Yahoo Fined $35 Million By SEC Over 2014 Breach

Yahoo Fined $35 Million By SEC Over 2014 Breach

April 25, 2018         Written By John H. Oldshue

The Securities and Exchange Commission (SEC) has fined Yahoo, now named Altaba, $35 million for misleading investors.

According to the SEC, Yahoo’s security team learned of an intrusion by Russian spies within days of the December 2014 breach. The cybercriminals were able to obtain usernames, email addresses, phone numbers, birthdates, encrypted passwords, and security questions for hundreds of millions of users.

In its order, the SEC says Yahoo failed to “properly investigate” the incident or notify investors. The breach was not disclosed until 2016 when Yahoo was closing a deal with Verizon.

Jina Choi, Director of the SEC’s San Francisco Regional Office, said, “Yahoo’s failure to have controls and procedures in place to assess its cyber-disclosure obligations ended up leaving its investors totally in the dark about a massive data breach.  Public companies should have controls and procedures in place to properly evaluate cyber incidents and disclose material information to investors.”

Yahoo sold much of its business operations to Verizon for a reduced rate of $4.8 billion and renamed their remaining business Altaba. Verizon will not be fined for the breaches, as they did not take control of the company until 2017.

The fine from the SEC is not the only financial repercussions that Altaba may face. Last month, a U.S. district judge ruled victims of Yahoo’s three massive data breaches were free to sue for punitive damages. It is believed all three billion Yahoo users were affected by these breaches.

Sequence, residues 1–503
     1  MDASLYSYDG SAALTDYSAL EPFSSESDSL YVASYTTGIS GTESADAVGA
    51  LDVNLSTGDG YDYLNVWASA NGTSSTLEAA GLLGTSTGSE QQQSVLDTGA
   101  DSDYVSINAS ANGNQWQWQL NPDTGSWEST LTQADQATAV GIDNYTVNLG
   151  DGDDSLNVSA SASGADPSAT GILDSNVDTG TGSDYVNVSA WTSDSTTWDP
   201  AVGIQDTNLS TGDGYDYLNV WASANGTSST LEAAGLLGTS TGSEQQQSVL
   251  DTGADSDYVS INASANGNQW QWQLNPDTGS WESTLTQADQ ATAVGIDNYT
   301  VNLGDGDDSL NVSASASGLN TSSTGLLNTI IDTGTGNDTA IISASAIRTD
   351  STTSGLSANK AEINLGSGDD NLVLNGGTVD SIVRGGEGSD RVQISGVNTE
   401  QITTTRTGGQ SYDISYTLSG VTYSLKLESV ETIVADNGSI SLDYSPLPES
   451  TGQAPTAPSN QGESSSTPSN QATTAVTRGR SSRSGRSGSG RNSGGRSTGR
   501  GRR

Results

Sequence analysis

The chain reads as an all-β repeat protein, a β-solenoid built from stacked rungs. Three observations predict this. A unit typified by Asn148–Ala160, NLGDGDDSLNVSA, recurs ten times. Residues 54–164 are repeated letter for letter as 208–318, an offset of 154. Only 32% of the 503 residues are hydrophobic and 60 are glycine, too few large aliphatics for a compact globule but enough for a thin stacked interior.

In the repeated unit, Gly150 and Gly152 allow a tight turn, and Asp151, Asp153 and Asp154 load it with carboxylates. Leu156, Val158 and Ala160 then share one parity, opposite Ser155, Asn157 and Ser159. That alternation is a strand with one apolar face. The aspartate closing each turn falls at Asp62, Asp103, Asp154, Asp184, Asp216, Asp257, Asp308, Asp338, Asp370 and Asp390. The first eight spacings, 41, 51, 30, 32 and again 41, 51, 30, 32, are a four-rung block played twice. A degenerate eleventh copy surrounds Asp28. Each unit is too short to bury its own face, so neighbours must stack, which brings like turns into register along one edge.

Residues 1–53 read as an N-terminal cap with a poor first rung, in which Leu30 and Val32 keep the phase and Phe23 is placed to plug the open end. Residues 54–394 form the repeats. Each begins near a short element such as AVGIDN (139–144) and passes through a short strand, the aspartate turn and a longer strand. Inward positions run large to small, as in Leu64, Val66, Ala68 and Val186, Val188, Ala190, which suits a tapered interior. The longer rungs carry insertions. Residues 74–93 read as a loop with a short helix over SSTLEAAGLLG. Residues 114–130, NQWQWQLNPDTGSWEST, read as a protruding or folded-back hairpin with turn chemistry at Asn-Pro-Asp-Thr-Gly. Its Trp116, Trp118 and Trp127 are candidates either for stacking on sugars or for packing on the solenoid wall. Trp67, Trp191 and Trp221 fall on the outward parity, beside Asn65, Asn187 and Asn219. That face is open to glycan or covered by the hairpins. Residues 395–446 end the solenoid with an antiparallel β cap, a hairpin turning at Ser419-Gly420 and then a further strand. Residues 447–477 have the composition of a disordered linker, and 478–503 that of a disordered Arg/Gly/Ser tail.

Perhaps in light of this lawsuit, Yahoo users were recently sent an email asking them to review and agree to a new Terms of Service and Privacy Policy. One of the updates to the Terms of Service includes an arbitration clause. The email reads, “Hopefully, disputes will never be an issue, but in the case of one, this allows a third-party arbitrator to help us resolve them. We’ve also added a class action waiver.”

If Yahoo users want to continue to use their Yahoo account, they will need to accept and agree to the new policies.

The information contained within this article was accurate as of April 25, 2018. For up-to-date information on any of the terms, cards or offers mentioned above, visit the issuer's website. Many of the offers on this article are from our affiliate partners, and LowCards.com may be compensated if you take action with any of our affiliate partners.

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About John H. Oldshue

John Oldshue is the creator of LowCards.com. He worked for over 15 years in television and won an Emmy award for his reporting. He covers credit card rate issues for LowCards.com.